Using Behavior Analytics to Detect Changes to your OT Environment


Following up on my previous blog post, I wanted to take a deeper look into how changes can be detected in an operator's OT environment. First things first – let me provide further details on the Purdue model that I refer to in this article:

What does the Purdue Model entail?

The Purdue model was initially conceptualized as a foundational framework for managing data flow in computer-integrated manufacturing (CIM). In CIM, computers play a pivotal role in overseeing and coordinating the entire production process, resulting in enhanced speed and reduced error rates. Subsequently, this model evolved into the benchmark for constructing an industrial control system (ICS) network architecture with a focus on operational technology (OT) security. The primary concept revolves around the stratification of network layers, facilitating a structured data flow between these layers with appropriate zones and conduits in place.

Introduction into OT network zoning and the Purdue Model

Given a standard Purdue model OT network, different zone boundaries are in scope of traffic analysis. For a typical energy supplier, this would be the control center ranging from, e.g., regular IT traffic (file transfers, backups, Enterprise, and billing interfaces) all the way to IEC-104 communication via TCP/IP. The Purdue model itself defines 6 network zones (and sometimes sub-levels) for a differentiation of the different control levels. Based on these control levels, trust boundaries can be established with zones and conduits based on access control measures and/or firewalling between the different zones. The zones themselves are shown in the picture below where it should be noted that most of the time, level 3.5 defines the DMZ (Demilitarized Zone) between the corporate IT and the OT department.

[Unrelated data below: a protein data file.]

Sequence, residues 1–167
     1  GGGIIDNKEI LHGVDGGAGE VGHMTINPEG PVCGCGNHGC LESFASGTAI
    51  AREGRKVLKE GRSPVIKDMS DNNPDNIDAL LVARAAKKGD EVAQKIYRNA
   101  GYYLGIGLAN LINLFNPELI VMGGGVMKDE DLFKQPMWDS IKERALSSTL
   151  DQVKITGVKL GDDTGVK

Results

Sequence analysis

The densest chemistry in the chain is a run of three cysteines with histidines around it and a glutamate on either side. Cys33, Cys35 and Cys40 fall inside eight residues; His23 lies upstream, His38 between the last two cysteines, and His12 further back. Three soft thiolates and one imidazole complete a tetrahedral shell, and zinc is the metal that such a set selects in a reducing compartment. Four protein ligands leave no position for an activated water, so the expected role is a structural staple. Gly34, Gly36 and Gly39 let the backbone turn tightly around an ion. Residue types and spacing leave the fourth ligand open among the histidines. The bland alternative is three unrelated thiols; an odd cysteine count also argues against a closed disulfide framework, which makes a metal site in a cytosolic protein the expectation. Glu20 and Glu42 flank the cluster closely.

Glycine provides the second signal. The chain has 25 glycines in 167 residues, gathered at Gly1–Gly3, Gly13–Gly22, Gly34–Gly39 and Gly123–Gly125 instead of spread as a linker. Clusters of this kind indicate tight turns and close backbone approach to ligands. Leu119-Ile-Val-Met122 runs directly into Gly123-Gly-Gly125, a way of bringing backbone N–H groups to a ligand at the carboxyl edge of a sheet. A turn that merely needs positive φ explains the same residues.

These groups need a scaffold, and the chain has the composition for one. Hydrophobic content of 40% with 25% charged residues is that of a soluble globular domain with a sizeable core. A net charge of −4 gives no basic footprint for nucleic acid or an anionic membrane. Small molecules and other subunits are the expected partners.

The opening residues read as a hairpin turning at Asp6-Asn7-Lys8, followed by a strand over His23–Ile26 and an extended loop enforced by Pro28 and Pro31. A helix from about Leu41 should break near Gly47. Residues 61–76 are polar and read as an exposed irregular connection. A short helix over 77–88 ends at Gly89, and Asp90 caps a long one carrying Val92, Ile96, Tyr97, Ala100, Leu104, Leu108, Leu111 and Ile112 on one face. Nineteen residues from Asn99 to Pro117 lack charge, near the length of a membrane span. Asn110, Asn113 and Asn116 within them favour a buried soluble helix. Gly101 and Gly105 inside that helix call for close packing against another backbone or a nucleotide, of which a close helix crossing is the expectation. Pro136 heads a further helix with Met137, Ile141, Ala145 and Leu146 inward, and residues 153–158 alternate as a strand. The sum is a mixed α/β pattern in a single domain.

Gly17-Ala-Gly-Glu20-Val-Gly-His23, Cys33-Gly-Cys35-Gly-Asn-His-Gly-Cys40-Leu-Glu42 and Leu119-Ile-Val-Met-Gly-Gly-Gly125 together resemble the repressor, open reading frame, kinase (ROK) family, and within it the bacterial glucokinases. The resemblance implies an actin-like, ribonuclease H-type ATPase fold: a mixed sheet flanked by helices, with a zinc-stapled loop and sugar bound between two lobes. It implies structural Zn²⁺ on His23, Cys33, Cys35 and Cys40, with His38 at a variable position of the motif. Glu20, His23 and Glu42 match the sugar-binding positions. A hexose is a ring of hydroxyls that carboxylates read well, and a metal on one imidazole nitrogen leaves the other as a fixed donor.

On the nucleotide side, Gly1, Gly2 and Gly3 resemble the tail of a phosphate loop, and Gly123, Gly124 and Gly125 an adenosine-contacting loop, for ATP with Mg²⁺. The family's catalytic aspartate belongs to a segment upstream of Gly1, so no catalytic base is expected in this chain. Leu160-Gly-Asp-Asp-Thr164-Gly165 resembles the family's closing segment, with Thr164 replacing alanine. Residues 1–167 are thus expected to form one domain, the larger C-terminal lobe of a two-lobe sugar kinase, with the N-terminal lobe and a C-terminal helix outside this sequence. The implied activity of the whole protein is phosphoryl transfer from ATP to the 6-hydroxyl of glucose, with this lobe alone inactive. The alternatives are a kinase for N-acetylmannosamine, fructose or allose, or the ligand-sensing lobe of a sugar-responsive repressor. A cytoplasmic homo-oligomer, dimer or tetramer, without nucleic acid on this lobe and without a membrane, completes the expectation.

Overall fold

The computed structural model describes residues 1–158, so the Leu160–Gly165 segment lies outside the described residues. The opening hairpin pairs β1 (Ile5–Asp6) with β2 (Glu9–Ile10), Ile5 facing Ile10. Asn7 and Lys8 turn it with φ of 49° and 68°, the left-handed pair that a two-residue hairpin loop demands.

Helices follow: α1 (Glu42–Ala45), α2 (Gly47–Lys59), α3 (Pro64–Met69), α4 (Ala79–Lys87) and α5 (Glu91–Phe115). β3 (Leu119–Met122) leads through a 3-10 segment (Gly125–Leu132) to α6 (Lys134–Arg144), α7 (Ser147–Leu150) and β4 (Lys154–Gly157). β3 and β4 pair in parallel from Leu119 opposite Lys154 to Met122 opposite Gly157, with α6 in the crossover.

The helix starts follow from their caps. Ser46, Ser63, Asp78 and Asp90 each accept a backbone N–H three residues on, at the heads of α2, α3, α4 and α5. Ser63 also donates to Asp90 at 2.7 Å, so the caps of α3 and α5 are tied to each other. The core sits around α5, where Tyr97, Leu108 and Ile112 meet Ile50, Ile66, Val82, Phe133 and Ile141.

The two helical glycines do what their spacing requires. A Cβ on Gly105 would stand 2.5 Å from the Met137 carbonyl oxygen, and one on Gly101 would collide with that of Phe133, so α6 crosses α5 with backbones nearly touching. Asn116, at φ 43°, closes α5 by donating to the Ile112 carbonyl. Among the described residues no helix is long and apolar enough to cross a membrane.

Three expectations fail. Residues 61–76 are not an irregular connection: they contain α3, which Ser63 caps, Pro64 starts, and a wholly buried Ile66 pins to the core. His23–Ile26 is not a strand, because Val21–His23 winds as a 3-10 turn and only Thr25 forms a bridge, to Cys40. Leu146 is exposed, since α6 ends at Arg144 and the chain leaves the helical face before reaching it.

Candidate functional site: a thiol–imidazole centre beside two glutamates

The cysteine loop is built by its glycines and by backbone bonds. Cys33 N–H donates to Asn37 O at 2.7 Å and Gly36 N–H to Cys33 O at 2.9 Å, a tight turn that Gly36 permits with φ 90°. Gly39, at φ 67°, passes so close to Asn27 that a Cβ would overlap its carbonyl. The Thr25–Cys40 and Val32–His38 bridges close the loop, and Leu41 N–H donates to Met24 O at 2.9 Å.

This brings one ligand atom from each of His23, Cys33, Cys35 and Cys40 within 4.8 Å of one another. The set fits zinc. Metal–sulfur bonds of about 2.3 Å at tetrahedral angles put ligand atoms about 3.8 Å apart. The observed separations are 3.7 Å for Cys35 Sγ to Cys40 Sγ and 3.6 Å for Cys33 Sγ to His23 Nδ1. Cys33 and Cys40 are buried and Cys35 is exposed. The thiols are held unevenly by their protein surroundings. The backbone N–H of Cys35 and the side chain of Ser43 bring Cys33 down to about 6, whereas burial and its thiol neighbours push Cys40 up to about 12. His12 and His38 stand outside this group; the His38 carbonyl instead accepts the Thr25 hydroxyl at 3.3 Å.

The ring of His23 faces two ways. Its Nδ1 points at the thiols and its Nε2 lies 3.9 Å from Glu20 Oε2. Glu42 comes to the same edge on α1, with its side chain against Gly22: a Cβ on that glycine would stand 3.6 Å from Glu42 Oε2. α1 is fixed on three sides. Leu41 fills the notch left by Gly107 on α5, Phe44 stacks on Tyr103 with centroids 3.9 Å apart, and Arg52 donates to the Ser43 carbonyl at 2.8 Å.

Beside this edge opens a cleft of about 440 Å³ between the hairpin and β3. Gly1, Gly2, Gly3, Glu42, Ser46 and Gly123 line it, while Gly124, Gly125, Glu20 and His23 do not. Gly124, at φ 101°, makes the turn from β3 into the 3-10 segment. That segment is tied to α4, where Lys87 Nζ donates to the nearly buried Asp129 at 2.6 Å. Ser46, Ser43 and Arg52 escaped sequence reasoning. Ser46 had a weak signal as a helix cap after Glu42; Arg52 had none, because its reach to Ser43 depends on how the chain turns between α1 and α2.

OT Blog - OT network zoning and Purdue model.webp

Transferring that zoning knowledge into an actual OT-focused level of energy control, nice and clean zoning might look something like the following image. In this case, you can see that DMZ and Operations are in a separate firewall zone, different from the grid control level.

Depending on the complexity of your whole solution, this might or might not be the case. It is important to note that substation-specific operation is certainly separated but on the same firewall as the grid control and again separated from the field level.

Further down onto Purdue Levels 0 and 1 are the field layer networks separated into a safety and non-safety critical network.

OT Blog - OT Security explained by Philipp Lachberger - 2.webp

Behavior analytics for OT environments and differences to IT

On general behavior terms, OT communication differs from classical IT communication patterns in the sense that continuous traffic is transmitted for status data of the operational devices (e.g., switches, valves, motors) and only when the operator requests a full log or status update, the amount of traffic sent and received changes significantly. Furthermore, this does not change throughout the day, as OT devices are usually in operation all the time, while their IT client counterparts are only operational during office hours (except maybe for some employees who work in shifts, such as the SOC). These changes can easily be discovered by a Network Detection & Response (NDR) solution working with machine learning (ML) and communication profiles. At the same time, identifying if your administrative behavior has changed (logins from different geolocations, new administrative clients for your e.g., ModbusTCP traffic), puts the whole anomaly detection in a complete picture from a network level.